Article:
During last year’s Dallas Marathon relay, Dwayne Pickens had only 5.2 miles for his segment, and he was confident that he’d breeze through it, considering he’d run eight miles the weekend before.
About two miles in, the breathing issues started. He told Runner’s World that it was a cold morning, so he thought the cool air was affecting his lungs and making it more challenging to breathe.
Thing - Emergency - Room - Course - Minutes
The next thing he remembers is waking up in the emergency room, where he found out that, technically, he’d been dead on the course for about two minutes.
Although he’d never had any indication of heart issues, the 64-year-old had suffered a heart attack, but he got incredibly lucky—running just behind him was a lieutenant with Dallas Fire Rescue, and a registered nurse with Baylor University Medical Center at Dallas. They both stopped to help and started CPR, then used an automated external defibrillator from a nearby first responder vehicle.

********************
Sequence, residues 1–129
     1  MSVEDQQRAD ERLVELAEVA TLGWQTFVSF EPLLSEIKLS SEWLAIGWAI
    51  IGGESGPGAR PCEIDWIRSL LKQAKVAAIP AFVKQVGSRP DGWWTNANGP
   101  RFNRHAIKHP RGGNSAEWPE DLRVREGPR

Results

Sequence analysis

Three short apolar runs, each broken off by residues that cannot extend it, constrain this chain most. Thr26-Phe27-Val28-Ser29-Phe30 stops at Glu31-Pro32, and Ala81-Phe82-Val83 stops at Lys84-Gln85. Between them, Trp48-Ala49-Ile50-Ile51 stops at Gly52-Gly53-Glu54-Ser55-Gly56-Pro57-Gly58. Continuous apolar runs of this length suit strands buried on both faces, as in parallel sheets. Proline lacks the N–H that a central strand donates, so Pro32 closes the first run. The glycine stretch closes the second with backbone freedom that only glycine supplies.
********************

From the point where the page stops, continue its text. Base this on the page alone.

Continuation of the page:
Pickens - Heart - Days - Bypass - Surgery
They got Pickens’s heart started again. Two days later, he had quadruple bypass surgery.
“It just makes me feel grateful, to have this happen when help was right there, as opposed to having a heart attack during one of the many times I ran alone,” said Pickens. “Now, I want to be a lesson for others, that they should get their health checked even if they think there’s nothing wrong. Even if just one person makes an appointment for a physical because of my story, I’ll be happy.”
Pickens - Health - Person - Surgeon - Baron
Pickens has already changed the health of at least one person: his cardiac surgeon, Baron Hamman, M.D.
Although Hamman’s wife is a running coach, and he’s exceedingly familiar with the benefits of cardio exercise on the heart, he admits that before Pickens’s surgery, he was “that cardiac surgeon who gets winded running up the stairs.”
Something - Events - Pickens
But something about the dramatic events of Pickens’s...
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